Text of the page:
It’s not the New Year’s resolutions that preoccupy me this time of year. I make resolutions daily. The true measure of the losses and gains I have made in the last 12 months is in the ritual of filling my new little black book at year’s end.
It’s not merely a social thing: It feels like a sociological textbook in the making — or a personal journal in code. There’s always the issue of which friends to drop. Which have faded to such a degree that I actually must scratch them out of my life? Who still holds joy, or, at least, hope? There are those I want there just as a memory, as if I were carrying a photo album.
When I was single, a quarter of a century ago, male and female friends received different treatment in my book. I reserved a page in the back for those new men whom I wasn’t sure I wanted in my permanent section. They didn’t get transferred to the alphabetized section until and unless they truly became significant. Years ago, I was delighted to discover that a male friend of mine did the same thing with opposite-sex acquaintances. Of the seven men on my back page in ’92, the year I met my husband, he’s the only one made it to the alphabetized section in ’93.
A single woman friend once confessed that, when she was lonely, she’d just look through all the pages in her address book to see who popped out as right for that moment’s mood. Little black books are not only practical, they’re therapeutic. Dial-A-Friend often beats playing with the TV remote control for something entertaining.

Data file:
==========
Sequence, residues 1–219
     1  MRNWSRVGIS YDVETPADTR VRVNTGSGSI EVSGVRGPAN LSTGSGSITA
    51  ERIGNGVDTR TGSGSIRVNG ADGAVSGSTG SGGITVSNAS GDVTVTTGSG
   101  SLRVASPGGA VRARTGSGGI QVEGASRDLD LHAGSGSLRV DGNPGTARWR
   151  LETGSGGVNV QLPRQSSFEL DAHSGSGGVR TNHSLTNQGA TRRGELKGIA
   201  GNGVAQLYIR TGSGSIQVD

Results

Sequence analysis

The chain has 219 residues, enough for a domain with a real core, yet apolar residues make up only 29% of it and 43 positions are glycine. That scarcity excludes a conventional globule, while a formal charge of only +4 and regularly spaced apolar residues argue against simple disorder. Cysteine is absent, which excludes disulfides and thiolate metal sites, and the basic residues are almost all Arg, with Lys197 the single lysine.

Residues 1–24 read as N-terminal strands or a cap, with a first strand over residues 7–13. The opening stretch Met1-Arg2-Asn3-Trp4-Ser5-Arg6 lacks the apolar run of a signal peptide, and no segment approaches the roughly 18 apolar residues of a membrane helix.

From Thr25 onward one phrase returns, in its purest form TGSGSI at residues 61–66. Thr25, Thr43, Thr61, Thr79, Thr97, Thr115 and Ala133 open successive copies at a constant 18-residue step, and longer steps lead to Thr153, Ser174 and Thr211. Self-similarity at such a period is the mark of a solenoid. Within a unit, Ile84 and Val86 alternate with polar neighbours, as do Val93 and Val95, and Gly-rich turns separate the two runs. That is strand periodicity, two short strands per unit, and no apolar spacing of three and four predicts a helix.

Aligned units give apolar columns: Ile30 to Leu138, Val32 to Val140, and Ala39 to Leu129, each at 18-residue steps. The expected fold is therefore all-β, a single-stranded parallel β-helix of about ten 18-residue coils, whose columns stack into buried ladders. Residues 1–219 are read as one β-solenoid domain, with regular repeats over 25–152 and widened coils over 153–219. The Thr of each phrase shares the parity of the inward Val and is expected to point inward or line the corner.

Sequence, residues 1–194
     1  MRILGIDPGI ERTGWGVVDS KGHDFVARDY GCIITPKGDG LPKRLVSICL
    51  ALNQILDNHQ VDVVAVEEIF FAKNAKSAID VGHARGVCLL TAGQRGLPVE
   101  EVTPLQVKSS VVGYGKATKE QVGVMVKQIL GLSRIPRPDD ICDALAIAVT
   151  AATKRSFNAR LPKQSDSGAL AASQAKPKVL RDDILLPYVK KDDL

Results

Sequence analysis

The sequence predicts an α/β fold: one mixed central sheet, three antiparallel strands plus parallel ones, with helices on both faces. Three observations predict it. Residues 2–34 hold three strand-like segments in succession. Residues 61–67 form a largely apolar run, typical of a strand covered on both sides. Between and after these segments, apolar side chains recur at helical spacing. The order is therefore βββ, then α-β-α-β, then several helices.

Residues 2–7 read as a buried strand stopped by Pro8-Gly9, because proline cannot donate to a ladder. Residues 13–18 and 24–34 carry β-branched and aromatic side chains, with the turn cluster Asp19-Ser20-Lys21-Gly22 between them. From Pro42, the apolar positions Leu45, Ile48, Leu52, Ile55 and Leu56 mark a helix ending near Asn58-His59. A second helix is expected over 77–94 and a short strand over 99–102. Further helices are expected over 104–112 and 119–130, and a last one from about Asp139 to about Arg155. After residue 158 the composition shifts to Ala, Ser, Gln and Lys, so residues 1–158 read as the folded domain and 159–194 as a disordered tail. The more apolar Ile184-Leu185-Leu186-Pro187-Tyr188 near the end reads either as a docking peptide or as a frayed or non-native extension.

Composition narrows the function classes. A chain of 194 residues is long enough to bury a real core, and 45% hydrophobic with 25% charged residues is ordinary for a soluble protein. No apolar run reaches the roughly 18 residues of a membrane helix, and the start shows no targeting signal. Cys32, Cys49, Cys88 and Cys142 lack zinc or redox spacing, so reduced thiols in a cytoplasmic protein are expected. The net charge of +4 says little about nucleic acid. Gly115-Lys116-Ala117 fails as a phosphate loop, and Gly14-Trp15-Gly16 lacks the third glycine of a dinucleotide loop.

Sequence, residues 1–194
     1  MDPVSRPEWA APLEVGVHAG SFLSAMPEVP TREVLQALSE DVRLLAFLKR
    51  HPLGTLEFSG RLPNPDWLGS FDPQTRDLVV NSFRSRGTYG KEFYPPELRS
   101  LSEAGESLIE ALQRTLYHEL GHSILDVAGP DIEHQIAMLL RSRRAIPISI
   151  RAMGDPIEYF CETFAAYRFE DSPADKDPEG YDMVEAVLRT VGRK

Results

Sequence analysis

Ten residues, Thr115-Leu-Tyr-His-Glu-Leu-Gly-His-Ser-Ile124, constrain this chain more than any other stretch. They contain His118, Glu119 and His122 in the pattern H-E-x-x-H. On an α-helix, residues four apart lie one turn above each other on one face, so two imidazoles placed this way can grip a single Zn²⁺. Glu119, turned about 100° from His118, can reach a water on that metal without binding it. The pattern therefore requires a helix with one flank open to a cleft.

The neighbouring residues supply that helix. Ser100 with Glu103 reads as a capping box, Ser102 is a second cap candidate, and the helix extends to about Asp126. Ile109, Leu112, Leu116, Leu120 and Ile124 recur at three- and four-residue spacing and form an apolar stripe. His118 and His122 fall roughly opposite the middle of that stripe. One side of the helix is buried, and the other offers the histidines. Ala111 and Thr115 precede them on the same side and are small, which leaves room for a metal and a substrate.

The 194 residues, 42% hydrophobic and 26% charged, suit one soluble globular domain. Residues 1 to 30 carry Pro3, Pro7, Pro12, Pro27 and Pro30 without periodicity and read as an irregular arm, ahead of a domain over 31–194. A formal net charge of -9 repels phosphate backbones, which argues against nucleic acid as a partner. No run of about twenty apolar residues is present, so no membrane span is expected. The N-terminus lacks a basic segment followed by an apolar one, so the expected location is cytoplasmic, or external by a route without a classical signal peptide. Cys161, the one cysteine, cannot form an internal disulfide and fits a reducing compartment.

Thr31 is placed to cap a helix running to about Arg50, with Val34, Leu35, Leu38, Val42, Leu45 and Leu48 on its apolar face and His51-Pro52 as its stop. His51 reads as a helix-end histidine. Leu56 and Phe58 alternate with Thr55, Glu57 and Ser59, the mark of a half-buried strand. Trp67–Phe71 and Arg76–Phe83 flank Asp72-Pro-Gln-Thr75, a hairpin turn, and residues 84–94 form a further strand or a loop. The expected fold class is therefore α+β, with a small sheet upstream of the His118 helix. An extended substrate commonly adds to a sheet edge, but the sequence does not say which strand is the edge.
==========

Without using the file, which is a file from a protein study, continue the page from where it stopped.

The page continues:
When I married, my little black book took on new characteristics. The entire “O” page was devoted only to my husband’s family, all of whose last names start with O. Additions and deletions were frequent as marriages and divorces occurred. Opening to that page in my little black book seems to elicit more emotions than any other!
Family and friends keep my heart alive, but of course there are others in my little black book who hold my life together. The addition and deletion of people tending to different parts of my physical and mental being are every bit as complex as deciding which friends to drop. Some people may even list more doctors than friends in their book.
A whole page is devoted just to my husband’s doctors. Never mind alphabetical order, I need to have them all easily accessible under “F” for his nickname — Fuzzy. How much easier it is to make those calls with the affectionate reminder of that name!
This year I sadly have to drop one friend who died. But what about the relationships that have died. Do I remove them? Or keep them as a reminder? If so, under what letter? M for “memorial”? L for “life lessons”? N for “New Year’s resolutions”?
And the back page is still a challenge. It’s still for “tentatives.” But now, it’s the doctors I’m experimenting with, or home repair people I’m exploring. Both of these lists seem to be increasing as I age. This year, of the eight on this page, only three are certain to remain.
Spring cleaning is actually a much easier ritual than filling out this little black book each new year. Just give those old clothes to people in need, or outgrown clutter to the thrift shop. Someone’s bound to profit. Dropping someone from my little black book is more loaded. But, alas, this recycling must occur yearly for me at this time, just as spring must in its season. Surely my discards are old standards in someone else’s little black book.